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Great Sand Dunes NP

The sand in Great Sand Dunes National Park and Preserve shows the tell tale signs of the relentless wind that helps form the massive dunes in the park. Great Sand Dunes, located near Alamosa, is the state's newest national park and features stunning sand dunes that rise more than 700 feet above the floor of the San Luis Valley. Last year the National Park Service completed the conversion of Great Sand Dunes from a national monument to a national park. The park now encompasses some 150,000 acres and the dunes were formed by blowing winds that have carried sand across the San Luis Valley and deposited them at the base of the Sangre de Cristo Mountains for thousands of years. Great Sand Dunes National Park and Preserve is a United States National Park located in Alamosa County and Saguache County, Colorado, United States. Originally designated Great Sand Dunes National Monument, Great Sand Dunes National Park and Preserve was created by an act of the United States Congress on September 13, 2004. The park contains approximately 85,000 acres. The dunes were formed from sand deposits of the Rio Grande and its tributaries, flowing through the San Luis Valley. Over the ages, westerly winds picked up sand particles from the river flood plain. As the wind lost power before crossing the Sangre de Cristo Range, the sand was deposited on the east edge of the valley. This process continues, and the dunes are slowly growing. The wind changes the shape of the dunes daily. Digging a few inches into the dunes even at their peaks reveals wet sand. If the streams were to dry up, the dunes would disappear; in fact part of the motivation of turning the Monument into a National Park was the extra protection of the water, which Colorado's cities and agriculture covet..(MARC PISCOTTY/ © 2005)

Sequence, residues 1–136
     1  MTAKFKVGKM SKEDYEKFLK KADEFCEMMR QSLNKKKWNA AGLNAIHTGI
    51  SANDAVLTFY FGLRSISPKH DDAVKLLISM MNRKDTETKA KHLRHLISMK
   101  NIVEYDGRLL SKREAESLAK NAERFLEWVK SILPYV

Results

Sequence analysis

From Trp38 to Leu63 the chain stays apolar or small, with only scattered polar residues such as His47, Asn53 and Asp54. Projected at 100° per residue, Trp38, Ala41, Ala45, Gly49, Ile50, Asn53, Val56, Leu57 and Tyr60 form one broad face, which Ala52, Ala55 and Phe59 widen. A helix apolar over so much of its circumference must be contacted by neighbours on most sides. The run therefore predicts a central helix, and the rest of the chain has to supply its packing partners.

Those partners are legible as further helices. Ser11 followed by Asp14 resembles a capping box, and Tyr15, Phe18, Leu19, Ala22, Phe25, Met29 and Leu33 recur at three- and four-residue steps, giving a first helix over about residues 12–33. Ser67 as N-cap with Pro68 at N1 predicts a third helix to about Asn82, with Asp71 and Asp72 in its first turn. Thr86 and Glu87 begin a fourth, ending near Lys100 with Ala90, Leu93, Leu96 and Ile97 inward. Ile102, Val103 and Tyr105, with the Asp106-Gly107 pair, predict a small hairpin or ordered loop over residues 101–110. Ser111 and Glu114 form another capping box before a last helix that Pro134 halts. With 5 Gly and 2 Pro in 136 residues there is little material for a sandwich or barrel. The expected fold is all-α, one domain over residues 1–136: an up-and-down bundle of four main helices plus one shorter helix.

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Filename
MAP849SandDunesNP.jpg
Copyright
© 2005 Marc Piscotty
Image Size
3504x2336 / 3.5MB
Contained in galleries
Gallery Prints, 5280 Summer Adventure, Colorado Tourism, Colorado Life 2014 Calendar Query
The sand in Great Sand Dunes National Park and Preserve shows the tell tale signs of the relentless wind that helps form the massive dunes in the park. Great Sand Dunes, located near Alamosa, is the state's newest national park and features stunning sand dunes that rise more than 700 feet above the floor of the San Luis Valley. Last year the National Park Service completed the conversion of Great Sand Dunes from a national monument to a national park. The park now encompasses some 150,000 acres and the dunes were formed by blowing winds that have carried sand across the San Luis Valley and deposited them at the base of the Sangre de Cristo Mountains for thousands of years. Great Sand Dunes National Park and Preserve is a United States National Park located in Alamosa County and Saguache County, Colorado, United States. Originally designated Great Sand Dunes National Monument, Great Sand Dunes National Park and Preserve was created by an act of the United States Congress on September 13, 2004. The park contains approximately 85,000 acres. The dunes were formed from sand deposits of the Rio Grande and its tributaries, flowing through the San Luis Valley. Over the ages, westerly winds picked up sand particles from the river flood plain. As the wind lost power before crossing the Sangre de Cristo Range, the sand was deposited on the east edge of the valley. This process continues, and the dunes are slowly growing. The wind changes the shape of the dunes daily. Digging a few inches into the dunes even at their peaks reveals wet sand. If the streams were to dry up, the dunes would disappear; in fact part of the motivation of turning the Monument into a National Park was the extra protection of the water, which Colorado's cities and agriculture covet..(MARC PISCOTTY/ © 2005)